Legal Question in Real Estate Law in California

real estate

my father died several years ago, however, i paid the mortage all those years, now the property has been recovoyed to him the mortage was in my father. what can i do

Asked on 6/10/09, 11:14 am

4 Answers from Attorneys

Michael Stone Law Offices of Michael B. Stone Toll Free 1-855-USE-MIKE

Re: real estate

Your lawyer would file papers with the court for what is called "quiet title."

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Answered on 6/10/09, 11:45 am
David Gibbs The Gibbs Law Firm, APC

Re: real estate

I'm totally unclear on what you are asking. What is "recovoyed"? That's not a legal term. If you mean "reconveyed", then you have a problem, and either you need to go back into probate court and have the property transferred to you, or as Mr. Stone suggested, file a lawsuit to quiet title to the property. Either way, you are going to have to retain an attorney, as there is no non-judicial means of transferring that property without a deed signed by your deceased father.

*Due to the limitations of the LawGuru Forums, The Gibbs Law Firm, APC's (the "Firm") participation in responding to questions posted herein does not constitute legal advice, nor legal representation of the person or entity posting a question. No Attorney/Client relationship is or shall be construed to be created hereby. The information provided is general and requires that the poster obtain specific legal advice from an attorney. The poster shall not rely upon the information provided herein as legal advice nor as the basis for making any decisions of legal consequence.

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Answered on 6/10/09, 12:04 pm
Bryan Whipple Bryan R. R. Whipple, Attorney at Law

Re: real estate

Quieting title only works if you are "entitled" to hold title, and is only necessary if someone or something stands in the way of your obtaining clear title "of record" by some other means. Probably you have good title, but let's start at the beginning:

First, paying the mortgage, by itself, doesn't give you legal ownership. There are at least four ways you could have become legal owner, however, which would give you a good chance to obtain title in yourself, whether by quiet title suit or a simpler means:

1. If you held title with your father as joint tenants, you would have become sole owner "automatically" upon his death, and could get the public records squared around to show that by filing a couple of simple forms with the recorder - no trip to court required, at least probably.

2. If your father had a will, you could have inherited the house, and a probate proceeding in court would have been needed (probably) to determine that you were indeed the intended heir and to place title in your name.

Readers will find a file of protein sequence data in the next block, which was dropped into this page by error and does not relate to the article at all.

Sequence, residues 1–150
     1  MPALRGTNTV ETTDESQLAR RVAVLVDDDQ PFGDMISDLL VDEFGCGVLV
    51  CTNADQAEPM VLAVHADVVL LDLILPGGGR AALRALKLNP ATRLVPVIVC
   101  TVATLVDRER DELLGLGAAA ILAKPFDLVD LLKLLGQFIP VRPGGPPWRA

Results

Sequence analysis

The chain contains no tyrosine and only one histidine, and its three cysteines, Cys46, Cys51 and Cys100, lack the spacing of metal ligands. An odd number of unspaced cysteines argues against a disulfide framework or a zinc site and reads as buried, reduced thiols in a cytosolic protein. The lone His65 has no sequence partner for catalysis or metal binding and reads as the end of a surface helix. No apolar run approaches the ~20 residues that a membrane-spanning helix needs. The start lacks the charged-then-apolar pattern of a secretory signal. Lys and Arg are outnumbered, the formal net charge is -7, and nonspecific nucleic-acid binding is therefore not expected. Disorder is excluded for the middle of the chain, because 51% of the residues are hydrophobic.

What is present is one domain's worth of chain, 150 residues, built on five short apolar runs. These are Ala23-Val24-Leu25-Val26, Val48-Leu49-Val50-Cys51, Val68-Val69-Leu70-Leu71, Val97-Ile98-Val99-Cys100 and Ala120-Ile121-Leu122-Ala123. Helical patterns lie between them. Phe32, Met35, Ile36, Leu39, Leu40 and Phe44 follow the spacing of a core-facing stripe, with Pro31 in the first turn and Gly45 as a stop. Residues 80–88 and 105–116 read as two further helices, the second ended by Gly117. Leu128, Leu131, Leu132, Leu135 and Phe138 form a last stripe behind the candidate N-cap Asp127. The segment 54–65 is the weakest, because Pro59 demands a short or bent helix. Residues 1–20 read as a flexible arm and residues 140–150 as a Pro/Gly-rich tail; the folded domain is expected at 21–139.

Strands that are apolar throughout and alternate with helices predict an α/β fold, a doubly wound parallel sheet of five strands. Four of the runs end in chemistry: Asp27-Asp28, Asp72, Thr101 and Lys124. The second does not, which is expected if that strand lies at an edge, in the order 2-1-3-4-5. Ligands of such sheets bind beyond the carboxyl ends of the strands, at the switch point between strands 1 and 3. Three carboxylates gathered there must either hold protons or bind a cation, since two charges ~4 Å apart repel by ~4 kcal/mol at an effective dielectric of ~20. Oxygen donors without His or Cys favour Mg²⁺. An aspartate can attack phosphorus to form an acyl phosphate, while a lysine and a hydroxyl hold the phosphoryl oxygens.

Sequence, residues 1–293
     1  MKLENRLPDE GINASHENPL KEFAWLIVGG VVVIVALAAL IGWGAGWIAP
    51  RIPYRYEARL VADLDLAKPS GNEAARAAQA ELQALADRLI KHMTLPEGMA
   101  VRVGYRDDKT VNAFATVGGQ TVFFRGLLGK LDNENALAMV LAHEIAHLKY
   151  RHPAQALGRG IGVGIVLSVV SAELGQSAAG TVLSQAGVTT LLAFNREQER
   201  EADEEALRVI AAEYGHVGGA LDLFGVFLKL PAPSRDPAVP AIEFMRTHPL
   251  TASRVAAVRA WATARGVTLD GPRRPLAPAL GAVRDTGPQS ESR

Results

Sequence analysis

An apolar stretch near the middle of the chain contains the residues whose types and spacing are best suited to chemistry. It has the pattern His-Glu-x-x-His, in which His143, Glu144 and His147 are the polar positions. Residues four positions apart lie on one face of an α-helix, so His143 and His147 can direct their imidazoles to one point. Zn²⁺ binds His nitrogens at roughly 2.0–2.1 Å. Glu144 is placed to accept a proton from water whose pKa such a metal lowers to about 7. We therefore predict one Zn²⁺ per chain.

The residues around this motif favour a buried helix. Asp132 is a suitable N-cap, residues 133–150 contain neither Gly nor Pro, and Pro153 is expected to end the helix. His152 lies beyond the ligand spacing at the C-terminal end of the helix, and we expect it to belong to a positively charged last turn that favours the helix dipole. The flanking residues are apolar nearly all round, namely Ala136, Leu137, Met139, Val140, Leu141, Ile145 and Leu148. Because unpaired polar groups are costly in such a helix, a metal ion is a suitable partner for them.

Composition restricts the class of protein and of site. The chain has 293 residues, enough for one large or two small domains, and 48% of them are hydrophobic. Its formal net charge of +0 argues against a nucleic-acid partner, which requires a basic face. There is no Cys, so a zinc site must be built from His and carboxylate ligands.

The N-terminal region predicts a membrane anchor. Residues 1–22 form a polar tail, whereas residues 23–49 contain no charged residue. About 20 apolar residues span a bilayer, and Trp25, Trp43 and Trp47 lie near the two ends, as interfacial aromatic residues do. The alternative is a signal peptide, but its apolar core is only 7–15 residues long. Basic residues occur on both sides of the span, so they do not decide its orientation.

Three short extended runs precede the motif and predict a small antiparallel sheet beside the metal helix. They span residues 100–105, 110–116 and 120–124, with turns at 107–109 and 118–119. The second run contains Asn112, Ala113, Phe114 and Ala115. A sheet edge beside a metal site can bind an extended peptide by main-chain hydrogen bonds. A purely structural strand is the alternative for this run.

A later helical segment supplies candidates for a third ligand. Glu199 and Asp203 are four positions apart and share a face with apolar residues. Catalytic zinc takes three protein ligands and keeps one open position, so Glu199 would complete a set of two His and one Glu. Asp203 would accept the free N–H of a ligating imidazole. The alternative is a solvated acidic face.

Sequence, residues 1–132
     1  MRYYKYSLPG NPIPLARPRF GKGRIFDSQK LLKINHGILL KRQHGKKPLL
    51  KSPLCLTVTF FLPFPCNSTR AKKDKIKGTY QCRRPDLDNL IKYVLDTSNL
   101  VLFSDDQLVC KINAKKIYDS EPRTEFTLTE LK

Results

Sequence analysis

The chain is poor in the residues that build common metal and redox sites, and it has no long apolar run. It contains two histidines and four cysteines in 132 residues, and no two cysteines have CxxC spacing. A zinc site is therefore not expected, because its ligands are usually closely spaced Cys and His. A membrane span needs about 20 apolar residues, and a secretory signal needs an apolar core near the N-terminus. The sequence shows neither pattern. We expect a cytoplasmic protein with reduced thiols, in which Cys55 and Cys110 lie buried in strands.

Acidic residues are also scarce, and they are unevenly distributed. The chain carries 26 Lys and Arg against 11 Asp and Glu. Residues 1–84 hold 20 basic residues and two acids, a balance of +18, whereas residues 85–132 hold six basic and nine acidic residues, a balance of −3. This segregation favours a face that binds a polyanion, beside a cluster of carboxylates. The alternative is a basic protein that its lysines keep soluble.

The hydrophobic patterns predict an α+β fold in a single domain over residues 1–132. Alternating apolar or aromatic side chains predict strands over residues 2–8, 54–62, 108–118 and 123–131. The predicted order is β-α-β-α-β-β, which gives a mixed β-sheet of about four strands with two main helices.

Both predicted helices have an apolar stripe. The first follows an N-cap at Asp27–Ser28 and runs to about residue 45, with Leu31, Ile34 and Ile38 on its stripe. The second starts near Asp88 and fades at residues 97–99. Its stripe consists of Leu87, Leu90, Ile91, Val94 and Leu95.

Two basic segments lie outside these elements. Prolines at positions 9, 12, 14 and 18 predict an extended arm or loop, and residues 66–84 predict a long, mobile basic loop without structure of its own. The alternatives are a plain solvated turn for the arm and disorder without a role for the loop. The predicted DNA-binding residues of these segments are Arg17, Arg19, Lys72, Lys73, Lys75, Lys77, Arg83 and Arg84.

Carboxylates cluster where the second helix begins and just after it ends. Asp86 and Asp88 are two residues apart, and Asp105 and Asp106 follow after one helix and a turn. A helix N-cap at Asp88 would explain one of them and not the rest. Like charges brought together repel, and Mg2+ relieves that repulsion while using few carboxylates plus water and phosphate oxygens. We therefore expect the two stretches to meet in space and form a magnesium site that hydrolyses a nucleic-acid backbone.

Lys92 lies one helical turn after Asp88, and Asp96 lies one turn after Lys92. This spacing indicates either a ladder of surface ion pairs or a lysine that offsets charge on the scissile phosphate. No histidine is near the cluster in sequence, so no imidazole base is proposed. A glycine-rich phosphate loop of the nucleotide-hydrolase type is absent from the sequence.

3. If your father had a living trust, the trust document will be your guiude as to waht to do; if it named you the successor trustee and beneficiary, a lawyer can straighten out title for you, probably without a court proceeding. If a trust named someone else as trustee or beneficiary (heir) with respect to the house, things get difficult.

4. If "none of the above" seems to fit, i.e., no will, no trust, no joint tenancy, the rules of "intestate succession" will apply. If you are the only surviving child, you will probably inherit everything, but a probate proceeding will be necessary.

You should take any papers you have to a local attorney who does probate work or handles wills, trusts and estates and get a free initial consultation to determine where you stand and what's the cheapest and fastest way to get title in your name.

The reconveyance to your (deceased) father is just the mortgage lender's way of acknowledging that the loan is fully paid and it is giving back its collateral.

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Answered on 6/10/09, 12:05 pm
Chris Johnson Christopher B. Johnson, Attorney at Law

Re: real estate

If title was held in your father's name alone, a probate would be required. The property would pass according to his will, if any, and if not, then to his heirs (his children in equal shares, if he was unmarried at the time of his death).

If there are other heirs involved, you may be entitled to some reimbursement for the payments you made, which could be offset by the rental value of the property if you lived there.

The probate process will give you (and any other heirs) clear title to the property.

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Answered on 6/10/09, 12:46 pm

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